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Last week TUI released Brexit-defying numbers and saw a its share price rise as a result but what is behind it? Sally White takes a look

TUI is ticking all the right boxes, playing it by the book. A single global brand, digital by default (even brochures are being scrapped), personalised marketing, rising prices, restructuring to focus on its most profitable operations and ones it understands...! No wonder it has won that currently rare validation for a travel company - a rising share price.

TUI is unusual in its industry in being so committed to digital. Comment by European deal platform dealroom.com is that 75% of the $55 billion package tour market is still offline. TUI gave a figure of 43%, up 2% for its online distribution in its H1 financial statement.  

Sales, however, dominate in the unfolding of the plan being followed by what is now Europe’s largest tour operator. (A restructuring programme was drawn up after the 2014 merger of London-listed TUI Travel with parent TUI AG). TUI has confirmed that its specialist holiday arm, Travelopia, is the most recent and largest part of the group to go on the market.

TUI is thought to be seeking a valuation for Travelopia of 10-12 times core forecast earnings, according to City analysts. That is around €50 million, putting the asking price at €500-600 million. It has asked US corporate banking giant Citi to look around for it, with the target of completion by early 2017.

Anglo-German TUI Group CEO Fritz Joussen has said, according to Reuters, that it is selling Travelopia because its specialist companies did not use the TUI brand. Nor did they use its hotels, cruise ships or planes. Thus the opportunities for cross-selling and other synergies were limited.  However, two companies, Crystal Ski and Thomson Lakes and Mountains do help fill the planes in winter, so they’ll stay.

Goodbye to niche brands

Stories around the industry are that the specialist, niche companies have gone with the departure of former joint-CEO Peter Long, who left in February. Behind the sale, as the stories suggest, is the fact that specialist brands are relatively unknown in Germany, and thus not understood.

Even the well-known UK Thompson brand, part of TUI, is being ditched. Thomson will be rebranded as TUI, a move expected to take place towards the end of 2017. Other markets are already migrating, with the Netherlands in the process of making the shift and plans for Belgium and the Nordics set for later this year.

Other parts of the merged TUI group, such as Hotelbeds, which sells hotel rooms to wholesale customers, have already been sold off. Interestingly this did not go to anyone in the travel industry, but to straight investors. These were private equity group Cinven and the Canada Pension Plan Investment Board, who paid up €1.2 billion. Rumours are, again, that it is private equity that is the most interested in Travelopia.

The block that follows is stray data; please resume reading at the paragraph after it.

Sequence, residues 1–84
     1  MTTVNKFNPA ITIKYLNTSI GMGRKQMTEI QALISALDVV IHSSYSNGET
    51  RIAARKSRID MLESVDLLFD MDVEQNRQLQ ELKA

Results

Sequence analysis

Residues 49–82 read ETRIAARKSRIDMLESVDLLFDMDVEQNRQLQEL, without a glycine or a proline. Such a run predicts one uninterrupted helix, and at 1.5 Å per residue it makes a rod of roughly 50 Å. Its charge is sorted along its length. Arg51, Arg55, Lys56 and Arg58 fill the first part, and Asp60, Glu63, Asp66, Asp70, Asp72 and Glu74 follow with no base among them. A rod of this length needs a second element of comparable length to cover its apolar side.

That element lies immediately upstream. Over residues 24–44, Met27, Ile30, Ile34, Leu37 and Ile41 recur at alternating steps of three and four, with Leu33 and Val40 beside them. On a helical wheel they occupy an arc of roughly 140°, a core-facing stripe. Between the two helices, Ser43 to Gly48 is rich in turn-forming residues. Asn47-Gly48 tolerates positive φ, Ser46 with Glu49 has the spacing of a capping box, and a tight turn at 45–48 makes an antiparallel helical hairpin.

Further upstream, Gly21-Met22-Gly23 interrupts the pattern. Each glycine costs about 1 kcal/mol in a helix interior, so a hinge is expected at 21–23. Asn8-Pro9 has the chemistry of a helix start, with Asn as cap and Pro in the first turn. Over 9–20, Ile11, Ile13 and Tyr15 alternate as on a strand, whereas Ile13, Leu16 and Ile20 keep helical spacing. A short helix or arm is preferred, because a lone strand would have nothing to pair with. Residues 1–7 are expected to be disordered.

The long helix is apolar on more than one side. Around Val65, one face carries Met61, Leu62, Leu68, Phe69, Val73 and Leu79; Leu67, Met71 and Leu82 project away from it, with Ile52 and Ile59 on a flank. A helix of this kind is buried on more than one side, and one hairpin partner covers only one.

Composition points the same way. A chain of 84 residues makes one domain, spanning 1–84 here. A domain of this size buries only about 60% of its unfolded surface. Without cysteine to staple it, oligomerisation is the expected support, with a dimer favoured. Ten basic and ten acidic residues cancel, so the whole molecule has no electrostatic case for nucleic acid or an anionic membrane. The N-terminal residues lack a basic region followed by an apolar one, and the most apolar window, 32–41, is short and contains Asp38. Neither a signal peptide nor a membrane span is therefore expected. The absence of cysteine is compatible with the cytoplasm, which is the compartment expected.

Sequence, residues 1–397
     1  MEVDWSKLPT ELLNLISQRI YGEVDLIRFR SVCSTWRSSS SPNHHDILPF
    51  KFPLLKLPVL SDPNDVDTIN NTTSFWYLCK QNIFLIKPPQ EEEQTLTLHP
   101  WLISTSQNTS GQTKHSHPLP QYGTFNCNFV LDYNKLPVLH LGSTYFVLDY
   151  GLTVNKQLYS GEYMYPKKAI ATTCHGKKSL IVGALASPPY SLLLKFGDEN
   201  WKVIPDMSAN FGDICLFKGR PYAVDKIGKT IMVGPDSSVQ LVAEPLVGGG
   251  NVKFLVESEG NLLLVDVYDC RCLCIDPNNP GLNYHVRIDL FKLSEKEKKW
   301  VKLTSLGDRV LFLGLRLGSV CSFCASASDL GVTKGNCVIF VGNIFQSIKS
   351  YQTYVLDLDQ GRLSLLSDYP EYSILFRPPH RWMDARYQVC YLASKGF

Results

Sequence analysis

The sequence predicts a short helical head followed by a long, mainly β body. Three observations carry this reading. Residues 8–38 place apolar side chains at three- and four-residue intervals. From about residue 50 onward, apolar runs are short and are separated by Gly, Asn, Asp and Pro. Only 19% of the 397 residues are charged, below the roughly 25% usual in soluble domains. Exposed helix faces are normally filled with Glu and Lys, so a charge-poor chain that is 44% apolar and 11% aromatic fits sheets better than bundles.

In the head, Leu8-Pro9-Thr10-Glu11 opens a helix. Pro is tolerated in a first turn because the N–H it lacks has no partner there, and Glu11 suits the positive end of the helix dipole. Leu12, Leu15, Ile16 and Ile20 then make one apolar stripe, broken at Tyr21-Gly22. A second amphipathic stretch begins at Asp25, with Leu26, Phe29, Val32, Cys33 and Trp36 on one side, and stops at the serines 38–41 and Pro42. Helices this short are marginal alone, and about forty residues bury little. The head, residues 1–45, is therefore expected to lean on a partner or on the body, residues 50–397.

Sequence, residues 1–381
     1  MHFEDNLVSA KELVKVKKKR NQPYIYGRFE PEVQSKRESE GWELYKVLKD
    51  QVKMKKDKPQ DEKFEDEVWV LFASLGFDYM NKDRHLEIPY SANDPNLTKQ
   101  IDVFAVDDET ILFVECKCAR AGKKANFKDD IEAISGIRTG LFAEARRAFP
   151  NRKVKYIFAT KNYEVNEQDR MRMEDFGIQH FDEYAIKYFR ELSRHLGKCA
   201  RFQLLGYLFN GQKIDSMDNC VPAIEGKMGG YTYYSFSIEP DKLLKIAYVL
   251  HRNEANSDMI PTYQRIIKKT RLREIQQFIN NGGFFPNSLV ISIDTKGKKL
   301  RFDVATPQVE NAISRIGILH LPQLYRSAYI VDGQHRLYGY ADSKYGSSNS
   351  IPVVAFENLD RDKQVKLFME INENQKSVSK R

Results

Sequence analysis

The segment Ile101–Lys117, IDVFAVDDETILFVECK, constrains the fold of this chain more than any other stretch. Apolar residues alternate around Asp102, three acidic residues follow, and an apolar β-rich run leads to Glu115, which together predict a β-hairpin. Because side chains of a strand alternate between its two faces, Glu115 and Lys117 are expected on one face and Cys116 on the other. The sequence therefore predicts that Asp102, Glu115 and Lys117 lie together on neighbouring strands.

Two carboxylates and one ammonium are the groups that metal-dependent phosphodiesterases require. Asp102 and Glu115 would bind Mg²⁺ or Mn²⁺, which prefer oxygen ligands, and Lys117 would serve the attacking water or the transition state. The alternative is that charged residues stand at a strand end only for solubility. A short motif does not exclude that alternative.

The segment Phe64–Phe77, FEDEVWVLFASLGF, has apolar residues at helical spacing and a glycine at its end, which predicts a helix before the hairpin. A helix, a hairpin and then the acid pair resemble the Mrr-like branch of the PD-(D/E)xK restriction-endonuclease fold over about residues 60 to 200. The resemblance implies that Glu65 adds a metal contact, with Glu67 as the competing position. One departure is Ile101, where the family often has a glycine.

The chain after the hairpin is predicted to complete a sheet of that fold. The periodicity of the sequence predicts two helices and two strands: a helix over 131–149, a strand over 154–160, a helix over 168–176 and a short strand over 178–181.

TUI’s share price rise has also has the support of good trading news. Joussen said last week (Sept 28) that the summer 2016 season was almost fully sold, with a continued strong performance by the UK, Riu and Cruises. Winter 2016/17 was trading in line with expectations, with further growth driven by long haul

“As we approach our 2015/16 year end, we are therefore confident of delivering between 12% and 13% growth in underlying EBITA. This demonstrates the strength of our integrated business model and the success of our content centric strategy, as well as the continued delivery of our merger synergies," he added, soothing fears that the group might follow easyJet and Thomas Cook with a profit warning.

TUI holidaymakers are, apparently, avoiding the eastern Mediterranean and going for Spain, Greece, Cyprus and further afield to Mexico and Jamaica instead. The UK’s Brexit vote in June has not hurt TUI either - or at least not yet - even though the pound has weakened. Although Joussen did warn that if sterling remained weak against the euro it would mean higher prices for British holidaymakers next summer.

Cruise control

TUI also launched two new cruise shops and opened five new TUI hotels this summer, part of the plan to acquire and market under the TUI brand over 50 new and existing hotels over the next five years. No fewer than 13 teams, with dozens of TUI are currently working on different aspects of its ‘oneBrand’ programme. Their workload encompasses everything from strategic and legal issues, online marketing and search engines to rebranding planes and buses.

When TUI announced that it was selling Travelopia it also announced that it had reached an agreement to acquire France’s No. 4 international tour operator Transat for $61 million. Being based right next door, this is an operation that TUI understands very well. It has been seeking to strengthen its French business.

According to German travel trade website fvw.com, “by acquiring fourth-placed Transat, TUI will rise from second to first place with 21% of the French market ahead of Fram and Club Med.”

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